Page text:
How to Use Unreal Engine 5
Unreal Engine 5 is the latest version of a popular game engine and 3D creation tool. Industry-leading studios choose to use it with Perforce Helix Core version control.
Read on to learn more about how to use Unreal Engine 5 with Perforce Helix Core and learn about new UE5 source control features.
- Unreal Engine 5
- What Is Unreal Engine 5 Used For?
- How to Use Unreal Engine 5
- UE5 Source Control: Why Unreal Engine Needs SCM
- Tutorial: How to Use Unreal Engine 5 With Version Control From Perforce
- New: UE5 Source Control Features
➡️ Free ue5 Source Control software
Unreal Engine 5
Unreal Engine 5 is the latest version of a game engine and 3D creation tool developed by Epic Games. Unreal Engine has been powering games since 1998, and it is being adopted in many industries to create photorealistic visuals and animations in real-time.
What Is Unreal Engine 5 Used For?
Unreal Engine is most commonly used to create video games. It is also used to create animations, interactive experiences, and other 3D visuals.
Unreal Engine is primarily used in game development, from indie studios to AAA game companies. Outside of the game development industry, it is also popular in the media & entertainment field for virtual production.
Unreal Engine is being adopted across industries by teams who are looking to create advanced visuals for any number of purposes, such as:
- Digital Twins
- Product Demos
- Interactive VR Trainings
- Virtual reality
- Mixed reality
- Extended reality
How to Use Unreal Engine 5
Here's a quick overview of how to use Unreal Engine 5:
1. Install Unreal Engine 5.
- Consult The Unreal Documentation and Epic Games’ educational videos for more details:
2. Integrate UE5 + source control like Helix Core.
- For more information on how to integrate Unreal Engine 5 with a source control tool, like Helix Core, see our guide: How to Configure Helix Core + Game Engine
Free Source Control for Unreal Engine 5
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UE5 Source Control: Why Unreal Engine Needs SCM
Unreal is popular among game development and AR/VR teams. That’s because it is a great engine for creating immersive experiences. But to manage the many large files that come with using it, your team needs source control.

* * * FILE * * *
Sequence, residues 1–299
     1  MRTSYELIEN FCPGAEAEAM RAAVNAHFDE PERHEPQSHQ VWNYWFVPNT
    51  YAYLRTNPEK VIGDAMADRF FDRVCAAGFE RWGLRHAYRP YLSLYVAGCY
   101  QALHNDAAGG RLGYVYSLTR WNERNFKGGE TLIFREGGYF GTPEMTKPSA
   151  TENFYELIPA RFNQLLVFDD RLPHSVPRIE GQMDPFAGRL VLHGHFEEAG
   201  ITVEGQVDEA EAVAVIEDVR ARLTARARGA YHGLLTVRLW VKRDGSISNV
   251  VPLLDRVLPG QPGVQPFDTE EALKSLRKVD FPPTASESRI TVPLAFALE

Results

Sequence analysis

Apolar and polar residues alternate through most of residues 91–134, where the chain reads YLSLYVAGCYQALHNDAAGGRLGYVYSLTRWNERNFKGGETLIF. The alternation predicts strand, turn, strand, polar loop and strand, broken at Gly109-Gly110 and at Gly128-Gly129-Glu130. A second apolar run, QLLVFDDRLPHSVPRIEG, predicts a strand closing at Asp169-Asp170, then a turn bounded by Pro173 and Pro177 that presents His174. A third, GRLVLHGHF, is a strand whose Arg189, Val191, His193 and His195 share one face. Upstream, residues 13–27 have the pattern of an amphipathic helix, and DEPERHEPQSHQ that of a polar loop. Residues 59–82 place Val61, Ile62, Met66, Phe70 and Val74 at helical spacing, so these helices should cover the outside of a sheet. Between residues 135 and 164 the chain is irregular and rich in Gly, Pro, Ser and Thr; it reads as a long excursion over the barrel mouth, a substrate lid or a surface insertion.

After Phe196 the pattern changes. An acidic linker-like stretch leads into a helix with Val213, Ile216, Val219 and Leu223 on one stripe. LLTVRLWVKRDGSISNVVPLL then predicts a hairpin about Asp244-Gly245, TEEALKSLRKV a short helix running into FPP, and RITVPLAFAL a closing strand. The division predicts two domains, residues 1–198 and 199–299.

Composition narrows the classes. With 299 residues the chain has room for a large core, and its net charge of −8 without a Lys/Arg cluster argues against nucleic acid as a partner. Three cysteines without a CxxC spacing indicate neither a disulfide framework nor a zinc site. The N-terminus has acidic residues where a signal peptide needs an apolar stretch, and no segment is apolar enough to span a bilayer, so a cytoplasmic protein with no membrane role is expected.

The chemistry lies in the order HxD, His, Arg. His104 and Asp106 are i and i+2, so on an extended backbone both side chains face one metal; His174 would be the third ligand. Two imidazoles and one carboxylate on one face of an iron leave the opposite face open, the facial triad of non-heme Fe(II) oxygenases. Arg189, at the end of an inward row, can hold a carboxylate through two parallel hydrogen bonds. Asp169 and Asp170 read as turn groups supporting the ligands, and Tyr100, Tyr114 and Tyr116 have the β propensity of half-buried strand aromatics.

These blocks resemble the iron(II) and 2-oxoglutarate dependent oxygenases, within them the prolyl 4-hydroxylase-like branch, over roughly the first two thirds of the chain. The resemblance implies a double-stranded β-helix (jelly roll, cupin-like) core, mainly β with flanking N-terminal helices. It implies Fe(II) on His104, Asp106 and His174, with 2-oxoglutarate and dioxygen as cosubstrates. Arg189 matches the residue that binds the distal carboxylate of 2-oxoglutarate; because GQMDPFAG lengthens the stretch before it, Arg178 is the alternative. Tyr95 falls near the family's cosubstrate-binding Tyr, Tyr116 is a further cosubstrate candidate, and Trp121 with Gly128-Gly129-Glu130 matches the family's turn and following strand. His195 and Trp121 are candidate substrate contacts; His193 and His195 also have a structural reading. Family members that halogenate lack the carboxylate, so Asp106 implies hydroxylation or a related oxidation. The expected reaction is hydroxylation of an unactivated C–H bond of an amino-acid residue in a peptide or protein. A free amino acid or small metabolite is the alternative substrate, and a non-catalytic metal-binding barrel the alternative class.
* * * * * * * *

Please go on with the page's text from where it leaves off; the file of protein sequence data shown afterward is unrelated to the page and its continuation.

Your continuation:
Many teams using Unreal also use Perforce version control — Helix Core. Epic Games, the developer or Unreal Engine, encourages third party developers using Unreal to also use Helix Core. The two tools are tightly integrated, which helps your team work together more efficiently on projects. This integration is through the Unreal Editor.
📘Related Resource: Check Out Version Control Fundamentals From Unreal Engine HQ
Tutorial: How to Use Unreal Engine 5 with Version Control From Perforce
For full instructions on how to use game engines like Unreal Engine 5 with Perforce Helix Core version control, see our guide How to Configure Helix Core + Game Engine. Read on for a quick overview of the steps plus new UE5 source control features.
Unreal also provides guidance for getting started with Helix Core in Unreal.
1. Install Unreal Engine
First, you’ll need to install Unreal Engine. The latest version, Unreal Engine 5, is available as of April 2022.
2. Download Helix Core From Perforce
Next, you’ll download Perforce Helix Core. Helix Core is free for up to 5 users. Download it here.
If you already have a Helix Core server, download the latest version of Helix Visual client (P4V).
3. Create a Stream Depot
Streams depots enable much more powerful branching features and easier creation of workspaces.
4. Set Up p4 typemap
Before adding files to the server, you’ll need to set up the p4 TypeMap so Helix Core knows how to handle Unreal files. This is an important step. For instance, if you want to edit a binary, it will be exclusively locked if you have the TypeMap set up.